So weed plants in this climate evolved to grow and then flower automatically, after a certain amount of time and regardless of the amount of sunlight they receive, hence the name “autoflower.” Their scientific name is cannabis ruderalis.

How autoflowers are created

Autoflower plants usually aren’t sold on their own. They’re usually crossbred with other popular strains to get an autoflower version of that strain: for example, Blue Dream Auto, White Widow Auto, Skunk #1 Auto, Northern Lights Auto, etc. (Learn more about how new weed strains are created.)

The autoflower versions have many of the similar characteristics of the original, but grow smaller and quicker like autoflowers and aren’t dependent on a strict light cycle. The auto versions won’t be identical to their originals.

The benefits of growing autoflower weed plants

As mentioned above, growing autoflowers is like growing  houseplants, except these houseplants will give you some weed. 

Less light

As autoflowers aren’t dependent on light and dark cycles, you don’t need to worry about giving them a ton of light—all they need is at least six hours a day. Of course the more sun they get, the more bud they’ll produce, but six hours is enough for the plant. You can put them on a sunny windowsill or other spot inside, or outside in a moderately sunny patch, and the plants will be happy.

If you’re growing weed indoors, autoflowers are great because you won’t need to buy lights for them or worry about your electricity bill going up.

Grow faster

Autoflowers grow quickly because of the environment in which they originally grew. Most autoflowers are ready to harvest 75-90 days after germination—that’s only three to three and a half months including the time it takes to germinate. You can grow multiple harvests of autoflowers a year.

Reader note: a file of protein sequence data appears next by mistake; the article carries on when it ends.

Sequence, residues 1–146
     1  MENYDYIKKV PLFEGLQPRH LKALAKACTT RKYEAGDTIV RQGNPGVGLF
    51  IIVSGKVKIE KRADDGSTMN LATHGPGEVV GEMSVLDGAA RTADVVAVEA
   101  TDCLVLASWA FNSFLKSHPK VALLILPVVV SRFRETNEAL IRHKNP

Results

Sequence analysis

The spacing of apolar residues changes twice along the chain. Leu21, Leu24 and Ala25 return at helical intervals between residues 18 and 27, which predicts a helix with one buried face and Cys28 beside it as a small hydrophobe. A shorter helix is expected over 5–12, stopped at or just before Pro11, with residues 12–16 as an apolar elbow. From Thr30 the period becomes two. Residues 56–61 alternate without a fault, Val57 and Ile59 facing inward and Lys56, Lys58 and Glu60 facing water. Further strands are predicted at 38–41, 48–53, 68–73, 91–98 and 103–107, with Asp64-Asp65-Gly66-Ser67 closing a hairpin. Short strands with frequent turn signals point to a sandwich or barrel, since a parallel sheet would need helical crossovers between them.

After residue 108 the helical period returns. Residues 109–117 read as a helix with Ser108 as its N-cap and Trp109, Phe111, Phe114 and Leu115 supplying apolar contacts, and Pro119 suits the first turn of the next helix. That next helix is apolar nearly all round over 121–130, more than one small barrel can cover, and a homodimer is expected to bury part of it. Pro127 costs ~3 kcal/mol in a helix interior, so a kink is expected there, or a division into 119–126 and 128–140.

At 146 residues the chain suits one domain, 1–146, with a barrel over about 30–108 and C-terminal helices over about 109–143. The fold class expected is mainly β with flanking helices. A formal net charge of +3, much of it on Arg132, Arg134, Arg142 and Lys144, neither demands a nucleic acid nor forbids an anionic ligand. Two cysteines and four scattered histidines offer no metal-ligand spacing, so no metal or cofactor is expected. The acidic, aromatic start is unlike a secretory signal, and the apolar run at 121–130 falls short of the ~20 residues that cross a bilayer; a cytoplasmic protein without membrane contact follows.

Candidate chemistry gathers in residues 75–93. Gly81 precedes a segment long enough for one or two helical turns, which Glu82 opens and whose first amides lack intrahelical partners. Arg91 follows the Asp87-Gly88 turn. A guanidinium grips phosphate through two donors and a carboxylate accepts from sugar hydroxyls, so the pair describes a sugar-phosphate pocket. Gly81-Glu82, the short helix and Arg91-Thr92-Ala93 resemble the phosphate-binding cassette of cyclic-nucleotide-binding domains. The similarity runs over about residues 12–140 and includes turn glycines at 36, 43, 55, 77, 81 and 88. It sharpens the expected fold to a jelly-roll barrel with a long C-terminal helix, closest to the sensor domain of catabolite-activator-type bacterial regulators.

Small size

Autos are also small, so you can easily grow a lot of them—be sure to check your local laws to see how many—and fit them in small spaces, like a sunny kitchen windowsill. 

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The negatives of growing autoflowers

So why doesn’t everybody grow autoflowers? They’re compact, they grow more quickly, and you don’t need a bunch of equipment. I mean, why not?

Less potent

The number one drawback with autoflowers, and the reason they haven’t completely taken over the weed industry, is that they are much less potent than your typical indica or sativa weed plant. Regular cannabis flower hovers around 20% THC, give or take, while autoflowers, on average, range between 10-15% THC.

Autoflowers have increased in potency in the past several years, but their THC content still has a long way to go before they can match their indica and sativa cousins.

Small size equals smaller yields

The small size of autos can be a benefit, but also a drawback—although they take up less space in your house or garden, they also yield a lot less buds. You’ll need many autos to make up the amount of dried buds that one regular indica or sativa weed plant will yield.

Although autos might not be for the cannaseur, or for those looking to get a lot of potent weed from their harvests,  we recommend them for new growers, people who are getting a late start in the season, or growers looking for an easy,  and low-maintenance weed plant.